Brian Bradshaw’s oeuvre finally gets due recognition
It is not often that the curator of an exhibition is keen to point out that no one has heard of the featured artist. Nevertheless, Christopher Till is a little excited that Brian Bradshaw is practically unknown because it has meant his oeuvre is not spread across homes around the world, and he has the privilege of undoing its obscure status.
He plans to do this with a large retrospective at the keenly awaited Javett Art Centre in Pretoria, which opens in 2019. In the meantime, he has curated a teaser of sorts, a gentle prelude, presenting the art of the UK-born artist in the form of a small exhibition of gouache works at the Ava Gallery in Cape Town.
Gouache is a flat medium seldom used by fine artists. However, in Bradshaw’s hands, he uses it to create bold, bright abstract works that appear contemporary despite being made in the 1970s. As Till so aptly puts it, Bradshaw "energises skies, clouds".
In Desert Moon, for example, Bradshaw divides an evening landscape into three bars of colour — the earth is described via a bold orange with black shapes carved into it, alluding to rocks, stones.
The horizon is a recurring motif in the landscape works, suggesting an unwavering pursuit of the essence of existence. This appears to have neatly dovetailed with his preoccupation with form.
"He looked for the rhythms and the motion in the landscape, the architectural elements," Till says reflectively.
Bradshaw had an interest in landscape painting while in his native England, but the colours he used are naturally subdued. There is less energy in the painting and composition.
It was the South African landscape, in particular the Eastern Cape, that he encountered when he moved to SA in 1960 to take up a post at the Rhodes University fine art department, that stirred his artistic language, manifesting in unusual abstract forms.
Before arriving in this country, the Lancashire-born artist had largely pursued a 1950s movement dubbed "kitchen-sink realism", according to Till.
It was quickly torpedoed by abstract expressionism, leaving the likes of Bradshaw at an awkward artistic juncture.
A move to a small Eastern Cape town, where the horizon and natural landscape would be in constant view, provided him with subject matter, allowing for an interplay between realism and abstraction.
He translates Eastern Cape vegetation such as acacia trees and euphorbias, into strange and unexpected shapes.
"This isn’t easy to do. I know, I have tried it," says Till. Having held positions as director of the Johannesburg Biennale, the Johannesburg Art Gallery and the Apartheid Museum, and as curator of the South African Pavilion at the Venice Biennale in 2015, Till is known for his curating abilities.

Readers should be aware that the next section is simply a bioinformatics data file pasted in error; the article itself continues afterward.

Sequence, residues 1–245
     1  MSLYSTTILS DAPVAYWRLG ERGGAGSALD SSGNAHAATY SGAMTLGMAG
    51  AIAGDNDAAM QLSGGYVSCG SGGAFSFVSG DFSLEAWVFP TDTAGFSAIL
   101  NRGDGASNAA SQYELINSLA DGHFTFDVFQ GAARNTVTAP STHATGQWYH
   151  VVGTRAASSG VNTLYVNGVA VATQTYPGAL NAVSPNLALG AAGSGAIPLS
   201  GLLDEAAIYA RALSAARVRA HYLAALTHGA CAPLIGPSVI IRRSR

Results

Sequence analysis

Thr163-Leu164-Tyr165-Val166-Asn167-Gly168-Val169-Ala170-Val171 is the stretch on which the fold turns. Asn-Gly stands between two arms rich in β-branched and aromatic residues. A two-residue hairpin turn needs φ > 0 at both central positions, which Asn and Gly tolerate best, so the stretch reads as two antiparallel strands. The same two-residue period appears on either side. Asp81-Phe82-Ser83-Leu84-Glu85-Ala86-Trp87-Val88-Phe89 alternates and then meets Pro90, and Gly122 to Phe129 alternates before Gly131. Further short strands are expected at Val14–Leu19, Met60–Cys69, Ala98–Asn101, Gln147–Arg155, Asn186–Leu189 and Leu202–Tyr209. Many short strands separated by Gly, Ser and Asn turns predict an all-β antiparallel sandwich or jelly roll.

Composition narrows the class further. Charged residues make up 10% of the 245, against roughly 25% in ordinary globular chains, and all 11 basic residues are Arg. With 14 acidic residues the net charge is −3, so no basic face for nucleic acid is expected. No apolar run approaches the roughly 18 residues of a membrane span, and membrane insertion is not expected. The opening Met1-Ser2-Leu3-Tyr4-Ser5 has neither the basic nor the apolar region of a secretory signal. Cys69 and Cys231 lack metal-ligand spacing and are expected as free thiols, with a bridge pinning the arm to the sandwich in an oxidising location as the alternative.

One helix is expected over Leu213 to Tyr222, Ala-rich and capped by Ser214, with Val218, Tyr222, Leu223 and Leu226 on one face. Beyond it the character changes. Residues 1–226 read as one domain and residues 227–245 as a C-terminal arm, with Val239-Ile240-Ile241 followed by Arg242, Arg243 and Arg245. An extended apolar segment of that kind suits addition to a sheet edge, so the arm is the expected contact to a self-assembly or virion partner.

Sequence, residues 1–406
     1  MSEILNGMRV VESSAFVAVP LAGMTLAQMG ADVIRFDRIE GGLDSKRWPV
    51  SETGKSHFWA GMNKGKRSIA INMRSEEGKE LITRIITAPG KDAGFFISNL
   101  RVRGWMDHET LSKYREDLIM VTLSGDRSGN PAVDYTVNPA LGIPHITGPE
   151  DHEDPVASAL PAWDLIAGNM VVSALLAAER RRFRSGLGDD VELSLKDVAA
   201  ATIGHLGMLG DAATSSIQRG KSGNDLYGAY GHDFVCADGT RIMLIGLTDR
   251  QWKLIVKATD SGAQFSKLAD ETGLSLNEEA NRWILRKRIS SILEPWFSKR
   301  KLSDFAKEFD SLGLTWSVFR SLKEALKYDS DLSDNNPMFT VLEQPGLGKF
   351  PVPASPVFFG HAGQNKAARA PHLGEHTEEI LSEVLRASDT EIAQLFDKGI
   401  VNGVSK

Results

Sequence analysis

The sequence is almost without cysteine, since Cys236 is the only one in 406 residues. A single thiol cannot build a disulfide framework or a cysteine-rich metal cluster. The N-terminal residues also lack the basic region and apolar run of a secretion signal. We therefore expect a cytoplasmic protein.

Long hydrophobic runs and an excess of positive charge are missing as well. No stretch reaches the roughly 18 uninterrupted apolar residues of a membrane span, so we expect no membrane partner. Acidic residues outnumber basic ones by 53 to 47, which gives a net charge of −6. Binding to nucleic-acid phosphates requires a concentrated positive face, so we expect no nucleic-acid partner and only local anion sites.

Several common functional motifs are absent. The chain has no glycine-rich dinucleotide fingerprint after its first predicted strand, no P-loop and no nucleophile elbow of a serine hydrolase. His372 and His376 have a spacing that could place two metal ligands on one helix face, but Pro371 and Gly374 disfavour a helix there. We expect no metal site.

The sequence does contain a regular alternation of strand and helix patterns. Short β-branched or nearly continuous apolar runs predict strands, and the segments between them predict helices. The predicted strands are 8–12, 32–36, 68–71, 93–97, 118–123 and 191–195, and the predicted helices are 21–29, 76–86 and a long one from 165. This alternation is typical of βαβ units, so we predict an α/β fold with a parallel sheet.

However, Bradshaw’s art appeals to Till as an artist who has grappled with translating SA’s landscape in novel ways. Having studied fine art at Rhodes under Bradshaw, Till observed the artist from his early years in SA, though Bradshaw had little time to make art until he retired from that position.
At his height at Rhodes he initiated and led the "Grahamstown group", a circle of artists who were united by their commitment to classical art training.
"He really engendered a belief that you had to be able to learn to draw properly. When Neville Dubow was making grass figures and putting them out to False Bay, he said that kind of art ‘was [rubbish]’."
As this recollection implies, Bradshaw was outspoken and slightly brusque.
"He was difficult, he would give the finger to the rest of the art establishment."
This may partially account for his seeming obscurity, though he enjoyed a high profile at an important art school. Grahamstown was not (and is not) an art centre and Bradshaw didn’t court attention in the bigger cities.
"He wasn’t interested in going to Joburg and promoting himself, he did not give a damn," recalls Till.
It didn’t help that he was English and his art didn’t contain links to the political and social issues that preoccupied most of the high-profile artists. This was particularly pertinent, given his interest in landscape painting— the genre is politically charged for locals.
"I don’t think he looked beyond the spiritual physicality of the landscape. He was interested in the volcanic moment of the creation rather than the human steps one sees. Force, creation, energy mass and how it rises up and joins with the sky is what interested him," Till says.
Charismatic, opinionated and defiant, Bradshaw was hard to forget.
Till thought of him often and on a tip from a friend visited him towards the end of his life in Heidelberg, where he had settled after leaving Grahamstown. Here Till discovered and was astonished by the quality and breadth of his work. When Bradshaw returned to the UK, Till packed up Bradshaw’s studio, gathering all his writings, diaries, etchings, early and late paintings with a view to staging a proper retrospective.
"I know his work. He has a particular way of representing the South African landscape that is largely unacknowledged. In the retrospective I will piece it together and reveal what a powerful painter he was."
The gouache works at the AVA Gallery form an introduction to the retrospective. If he was able to create this kind of visual drama through this flat medium, what might he have done with oils?
But, of course, the larger question is whether his art will finally find an audience. His legacy is probably in safe hands given Till’s clout as a curator and director. Till embodies his legacy too; he evinces an unwavering admiration for his former lecturer, who instilled something in him that has never been extinguished.
Brian Bradshaw shows at the AVA Gallery in Cape Town until the end of February. For more information about Bradshaw visit: Brianbradshawfoundation.org